Eretz Yisrael Time

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Sunday, June 11, 2006
You can read the RCA's statement on the compromise here.

The most important paragraphs are:

So as to facilitate proper recognition of individual status in Israel by the Chief Rabbinate, it was agreed that the Joint Commission will, inter alia, prepare lists of approved Batei Din and rabbis in North America dealing with personal status matters. From time to time, however, the composition of the lists will be appropriately reviewed, in light of new realities and circumstances. In the future, any rabbi who wants to be involved in personal status matters that he wishes to have recognized in Israel, will need to comply with the standards thus agreed to by the Chief Rabbinate and the Rabbinical Council of America.

It was also agreed that all conversions, authorized from the Rabbinical Council of America in the past, and as such, previously accepted by the Chief Rabbinate, will continue to be recognized by the Chief Rabbinate.

I'd really like to imagine that JoeSettler played at least some minor role in helping illuminate some of the missing 'hasbara' facets which were generating a lot of the underlying tension on the other side. I’m glad that the Chief Rabbi's major policies and goals are still in place (but disappointed that the US Rabbis don’t have to go to Israel to get approved - I think it would have helped them "maintain and foster their passion for Israel” ).


Anonymous said...

Well, the Rabbinate climbed up a high tree, and I'm glad reality and unity brought them down to earth.

Its one thing to try and improve the process. Kol Hakovad for that-but don't spit at the respected RCA.

I hope the Rabbinate in the future doesn't use the media to promote themselves. All this could have happened in closed doors.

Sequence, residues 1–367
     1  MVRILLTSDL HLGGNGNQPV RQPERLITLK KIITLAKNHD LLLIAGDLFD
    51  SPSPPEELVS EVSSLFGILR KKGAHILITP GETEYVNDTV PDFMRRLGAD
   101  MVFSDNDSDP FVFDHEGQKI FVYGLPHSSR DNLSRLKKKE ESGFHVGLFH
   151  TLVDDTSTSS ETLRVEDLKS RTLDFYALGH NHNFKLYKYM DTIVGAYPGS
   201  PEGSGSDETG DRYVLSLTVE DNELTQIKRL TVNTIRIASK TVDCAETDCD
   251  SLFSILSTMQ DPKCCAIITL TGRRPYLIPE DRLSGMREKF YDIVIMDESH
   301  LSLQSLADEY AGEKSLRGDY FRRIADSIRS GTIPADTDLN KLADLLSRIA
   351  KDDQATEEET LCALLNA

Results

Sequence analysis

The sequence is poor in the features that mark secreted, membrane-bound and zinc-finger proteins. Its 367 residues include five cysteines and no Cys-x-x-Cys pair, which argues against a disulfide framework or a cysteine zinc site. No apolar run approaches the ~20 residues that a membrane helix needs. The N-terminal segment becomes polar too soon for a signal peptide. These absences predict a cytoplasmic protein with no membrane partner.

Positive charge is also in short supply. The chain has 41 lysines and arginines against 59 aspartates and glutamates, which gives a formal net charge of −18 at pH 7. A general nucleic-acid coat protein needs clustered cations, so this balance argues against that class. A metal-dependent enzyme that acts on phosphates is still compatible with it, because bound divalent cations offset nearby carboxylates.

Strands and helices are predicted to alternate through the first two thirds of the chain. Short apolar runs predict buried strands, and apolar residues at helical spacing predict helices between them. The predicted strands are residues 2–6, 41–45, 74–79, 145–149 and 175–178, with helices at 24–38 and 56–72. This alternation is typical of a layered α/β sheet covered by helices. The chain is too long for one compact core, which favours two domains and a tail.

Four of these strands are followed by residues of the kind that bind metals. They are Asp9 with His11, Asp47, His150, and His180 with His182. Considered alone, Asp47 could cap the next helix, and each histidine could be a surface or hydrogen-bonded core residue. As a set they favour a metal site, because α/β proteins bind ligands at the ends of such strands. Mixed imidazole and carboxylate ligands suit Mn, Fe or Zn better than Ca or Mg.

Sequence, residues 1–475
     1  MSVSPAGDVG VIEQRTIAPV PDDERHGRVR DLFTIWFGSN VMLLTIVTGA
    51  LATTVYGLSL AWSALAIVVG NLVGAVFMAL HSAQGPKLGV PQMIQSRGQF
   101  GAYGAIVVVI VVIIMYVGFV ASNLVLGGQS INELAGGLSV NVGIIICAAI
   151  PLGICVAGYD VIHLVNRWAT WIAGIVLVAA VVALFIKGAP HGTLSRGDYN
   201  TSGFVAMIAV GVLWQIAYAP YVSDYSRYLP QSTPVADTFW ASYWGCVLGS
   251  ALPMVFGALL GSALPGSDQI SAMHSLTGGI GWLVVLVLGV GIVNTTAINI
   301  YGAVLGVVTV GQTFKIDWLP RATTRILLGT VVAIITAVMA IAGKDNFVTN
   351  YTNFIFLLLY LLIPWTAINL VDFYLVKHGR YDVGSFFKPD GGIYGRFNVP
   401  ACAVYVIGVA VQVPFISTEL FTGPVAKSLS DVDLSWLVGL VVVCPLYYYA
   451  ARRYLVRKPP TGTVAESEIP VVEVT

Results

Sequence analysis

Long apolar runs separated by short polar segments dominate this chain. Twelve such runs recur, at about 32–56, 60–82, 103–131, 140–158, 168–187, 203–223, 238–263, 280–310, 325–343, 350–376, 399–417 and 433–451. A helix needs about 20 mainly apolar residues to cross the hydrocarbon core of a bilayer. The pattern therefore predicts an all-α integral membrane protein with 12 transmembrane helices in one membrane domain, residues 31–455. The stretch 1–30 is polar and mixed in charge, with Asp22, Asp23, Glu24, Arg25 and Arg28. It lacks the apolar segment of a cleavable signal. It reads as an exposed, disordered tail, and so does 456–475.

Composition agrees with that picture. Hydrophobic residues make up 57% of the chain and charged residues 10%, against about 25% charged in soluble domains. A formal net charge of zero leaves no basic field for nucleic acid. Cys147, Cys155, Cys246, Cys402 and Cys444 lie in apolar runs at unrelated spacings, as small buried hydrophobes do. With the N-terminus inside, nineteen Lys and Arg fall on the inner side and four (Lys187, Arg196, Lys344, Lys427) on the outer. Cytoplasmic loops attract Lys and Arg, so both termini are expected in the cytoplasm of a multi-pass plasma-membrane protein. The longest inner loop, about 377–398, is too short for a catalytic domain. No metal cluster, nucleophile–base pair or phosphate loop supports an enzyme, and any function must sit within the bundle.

JoeSettler said...

When exactly did they climb down?
The Rabbinate got almost everything it wanted.
The critical and central (if not only) issue was acceptance of a certification process for overseas Rabbis so that their divorces and conversions could automatically be recognized in Misrad Hapnim and the Rabbanut as if they were local Rabbis, without all the extra hassle currently required in investigations. That was achieved.
Admittedly, instead of a test in Jerusalem, the RCA and the Rabbanut will set up a joint committee to decide who meets the Rabbanut's qualification. The only downside is that the Rabbis won't be going to Jerusalem, other than that, it is exactly from Rav Amar wanted - a way of guaranteeing standards, credentials, and identification of those being certified and creation of a list that will be automatically recognized by the Rabbanut and Misrad Hapnim.

Now, I don’t know what you mean about spitting on the RCA. There is no doubt that there were misunderstandings on each side - more do to cultural barriers and not understanding the local issues involved (bureaucracy vs. kavod).
But once the RCA leadership traveled to Israel to meet the Chief Rabbi those misunderstandings were cleared up and a working protocol was developed.

As for running to the Press, it wasn’t Rabbanut rabbis that ran to the press screaming 'Gevalt', publicly (purposely?) misinterpreting what Rav Amar said, calling the Chief Rabbi a Jewish Pope (shouldn't they have at least said Cohen Gadol?), and other rude comments.

I agree, it could have been worked out behind closed doors.

But why do you always try to twist things?

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